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Foiling vs. Non-Foiling for Spares

post #1 of 11
Thread Starter 
Hey all-

Been gone a while but finally got a chance to throw some spares on the Big Block. I apologize for no Q-View as my wife was out with the camera. That said, here's what I did:

- 2 racks of spares I trimmed STL style. I used Jeff's rub on both but cooked one 3-2-1 style and one unfoiled. Used a combo of hickory chunks and some oak from wine barrels from a local winery. The 3-2-1 ribs literally fell off the bone (actually a couple bones slipped right out when I picked them up, which is not really what I was looking for although that seems to be what my guests wanted) but the foiling seemed to dilute the flavor a bit. The unfoiled ribs were perfect, IMO...really tasty, perfect amount of tug from the bone, etc.

Now, here's my question: being that most guests seemed to prefer the foiled ribs' texture, does anybody have any ideas how to make them taste more like the unfoiled ribs, e.g. more rub/smoke flavor? I'd love any tips that you might have. Thanks in advance.
post #2 of 11
What did you smoke them on?
post #3 of 11
I would have to say cut back on the foiling and or add onto the end. maybe use a 3-1.5-1 or even a 3-1-1 just keep an eye on the last phase.
It usually dries out the ribs the longer they are left after the braising phase. Thats my experience anyways
post #4 of 11
jaye, when I first started out doing ribs, I did the 3-2-1 method and variations of it 3-2-.30 3-1 1/2-1 1/2. Anymore I just skip the foiling thing altogether as I prefer a bit of 'tug' and a clean break away. When folks ask why I don't do them 'fall off the bone' anymore I just tell them that 'fall off the bone' means they are over cooked. biggrin.gif I guess they aren't too upset about it, cuz they manage to make my ribs disappear.
post #5 of 11
I like to toss them on the grill and sear them just before serving. It's also a great time to add any glaze you might want. That process seems to get that smokey taste and feel back in there versus the 'braised' texture.
post #6 of 11

not a fan of foiled f.o.b. ribs.
post #7 of 11
I found a nice middle ground that a lot of people like is to cook them completely unfoiled. Then foil them and put them in the cooler for 1 hr. You get a great bark, good flavor, a little tug, but the bark is softened just a little bit so they aren't to "chewey" (as my wife puts it biggrin.gif).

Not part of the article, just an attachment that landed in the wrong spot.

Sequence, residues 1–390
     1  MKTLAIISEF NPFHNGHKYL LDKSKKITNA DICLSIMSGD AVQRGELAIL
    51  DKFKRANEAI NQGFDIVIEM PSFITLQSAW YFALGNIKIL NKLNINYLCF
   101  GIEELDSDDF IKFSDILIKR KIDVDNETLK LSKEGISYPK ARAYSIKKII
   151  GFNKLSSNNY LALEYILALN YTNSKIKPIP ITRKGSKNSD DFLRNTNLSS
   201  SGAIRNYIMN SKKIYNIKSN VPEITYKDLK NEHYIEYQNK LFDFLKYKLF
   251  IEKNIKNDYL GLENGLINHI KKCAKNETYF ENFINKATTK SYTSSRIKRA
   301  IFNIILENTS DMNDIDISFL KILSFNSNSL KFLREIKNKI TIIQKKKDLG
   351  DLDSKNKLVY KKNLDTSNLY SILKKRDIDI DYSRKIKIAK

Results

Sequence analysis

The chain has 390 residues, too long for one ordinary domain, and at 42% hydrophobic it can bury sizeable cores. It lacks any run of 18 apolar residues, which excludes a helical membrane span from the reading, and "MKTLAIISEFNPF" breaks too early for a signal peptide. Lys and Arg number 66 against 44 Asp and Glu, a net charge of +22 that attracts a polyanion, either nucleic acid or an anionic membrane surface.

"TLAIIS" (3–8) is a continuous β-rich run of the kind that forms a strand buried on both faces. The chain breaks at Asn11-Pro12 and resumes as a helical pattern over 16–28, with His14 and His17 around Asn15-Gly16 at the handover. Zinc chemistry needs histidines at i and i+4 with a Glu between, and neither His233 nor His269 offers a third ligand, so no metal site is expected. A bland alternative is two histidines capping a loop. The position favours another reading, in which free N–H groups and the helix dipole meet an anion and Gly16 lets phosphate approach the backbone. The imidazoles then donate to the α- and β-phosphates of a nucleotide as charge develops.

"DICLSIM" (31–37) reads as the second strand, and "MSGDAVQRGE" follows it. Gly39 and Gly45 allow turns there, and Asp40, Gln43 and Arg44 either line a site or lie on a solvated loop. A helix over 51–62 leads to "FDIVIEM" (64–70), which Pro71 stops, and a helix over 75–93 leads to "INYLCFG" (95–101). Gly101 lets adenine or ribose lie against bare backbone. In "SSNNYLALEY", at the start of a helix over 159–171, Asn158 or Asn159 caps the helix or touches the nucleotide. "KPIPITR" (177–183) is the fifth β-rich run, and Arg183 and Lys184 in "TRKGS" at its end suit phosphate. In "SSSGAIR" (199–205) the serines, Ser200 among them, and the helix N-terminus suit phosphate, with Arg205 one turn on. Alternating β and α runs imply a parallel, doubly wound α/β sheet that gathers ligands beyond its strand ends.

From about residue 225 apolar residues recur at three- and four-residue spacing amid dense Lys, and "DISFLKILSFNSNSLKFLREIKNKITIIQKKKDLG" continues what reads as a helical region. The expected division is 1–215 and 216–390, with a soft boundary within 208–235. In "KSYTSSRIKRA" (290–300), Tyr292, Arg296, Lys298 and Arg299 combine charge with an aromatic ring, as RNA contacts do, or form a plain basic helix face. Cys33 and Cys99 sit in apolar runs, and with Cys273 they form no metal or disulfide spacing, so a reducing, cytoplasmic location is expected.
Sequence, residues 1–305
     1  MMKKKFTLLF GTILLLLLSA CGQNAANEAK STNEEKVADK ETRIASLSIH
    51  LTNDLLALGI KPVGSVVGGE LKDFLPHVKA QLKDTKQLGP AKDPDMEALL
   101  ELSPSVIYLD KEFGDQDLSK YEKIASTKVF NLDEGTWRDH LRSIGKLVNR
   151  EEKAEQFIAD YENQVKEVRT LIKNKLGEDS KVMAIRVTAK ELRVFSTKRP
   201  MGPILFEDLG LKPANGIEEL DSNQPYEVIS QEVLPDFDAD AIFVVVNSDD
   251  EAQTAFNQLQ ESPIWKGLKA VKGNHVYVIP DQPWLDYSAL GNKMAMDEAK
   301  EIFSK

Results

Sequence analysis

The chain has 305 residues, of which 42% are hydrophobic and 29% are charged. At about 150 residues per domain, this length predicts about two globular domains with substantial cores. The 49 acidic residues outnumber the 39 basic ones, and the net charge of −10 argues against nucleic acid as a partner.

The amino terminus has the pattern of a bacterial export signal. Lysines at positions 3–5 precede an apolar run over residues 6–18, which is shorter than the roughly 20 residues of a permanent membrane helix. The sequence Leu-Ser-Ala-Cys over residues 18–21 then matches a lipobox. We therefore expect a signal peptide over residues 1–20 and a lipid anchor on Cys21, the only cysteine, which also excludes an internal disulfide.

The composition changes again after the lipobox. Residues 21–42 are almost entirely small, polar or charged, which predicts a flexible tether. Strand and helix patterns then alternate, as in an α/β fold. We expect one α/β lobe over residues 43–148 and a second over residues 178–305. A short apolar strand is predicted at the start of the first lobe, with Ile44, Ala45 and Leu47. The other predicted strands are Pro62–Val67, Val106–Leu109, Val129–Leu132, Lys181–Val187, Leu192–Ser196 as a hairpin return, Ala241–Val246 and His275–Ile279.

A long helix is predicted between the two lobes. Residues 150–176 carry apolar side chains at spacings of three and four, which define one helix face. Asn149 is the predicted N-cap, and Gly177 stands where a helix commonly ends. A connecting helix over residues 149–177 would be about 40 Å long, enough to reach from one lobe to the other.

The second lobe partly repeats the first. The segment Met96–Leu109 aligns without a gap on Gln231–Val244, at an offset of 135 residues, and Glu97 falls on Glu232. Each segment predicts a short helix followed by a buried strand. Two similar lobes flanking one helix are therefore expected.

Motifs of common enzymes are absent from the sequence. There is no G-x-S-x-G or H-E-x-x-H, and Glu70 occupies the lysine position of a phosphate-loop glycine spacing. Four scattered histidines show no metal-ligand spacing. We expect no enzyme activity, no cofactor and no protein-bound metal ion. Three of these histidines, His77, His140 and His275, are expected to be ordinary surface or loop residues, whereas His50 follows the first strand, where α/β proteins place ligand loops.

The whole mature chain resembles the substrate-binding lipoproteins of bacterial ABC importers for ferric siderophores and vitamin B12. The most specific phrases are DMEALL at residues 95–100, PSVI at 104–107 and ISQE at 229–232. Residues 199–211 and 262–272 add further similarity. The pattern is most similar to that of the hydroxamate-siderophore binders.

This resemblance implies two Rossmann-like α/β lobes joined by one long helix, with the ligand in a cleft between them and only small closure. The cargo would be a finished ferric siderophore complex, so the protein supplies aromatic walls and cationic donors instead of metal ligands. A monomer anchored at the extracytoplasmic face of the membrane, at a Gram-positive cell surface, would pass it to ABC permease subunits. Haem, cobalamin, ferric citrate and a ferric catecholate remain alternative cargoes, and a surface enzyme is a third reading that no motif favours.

Also found if you sauce them right before you put them in the foil will also help to moisten them up even more... just depends on your preferance.
post #8 of 11
Look I cook ribs backwards from everybody . I prep them , rub them and foil them . I cook them in foil 1st for two hours , then I put them back on the smoker with the foil opened on top about 1.5 inches and smoke them 1hr then hit them with honey , butter and brown sugar and let them cook for thirty minutes . This hits the meat with smoke and that 1st bite you get the fresh smoke and zap from the fixins . Practice is all I can tell ya
. I promise you everyone here will tell you I am cooking them backwards but sometimes you have go outside the box for your answers . I have done these many times like this .
post #9 of 11
Thread Starter 
Thanks for all of the opinions. I greatly prefer the non-foiled ribs myself but you gotta do the crowd-pleaser thing sometimes, I guess. I'll get a Q-View up there next time and let you all know what happens.
post #10 of 11
I'm kinda with Dutch on this one If you have a fall off the bone then you are over cooked. When you see the 3-2-1 it's just a good ballpark numbers and you can change it any way you want. After all your eating them and I like my ribs with alittle pull to them but I don't want to fight them off the bones either. I personally use a 3-11/2- 45 with my ribs.
post #11 of 11
Try doing the unfoiled ribs for 7-7.5 hours. I find that these are close to fall off the bone and I think your guests will be pleased. Just keep on experimenting.
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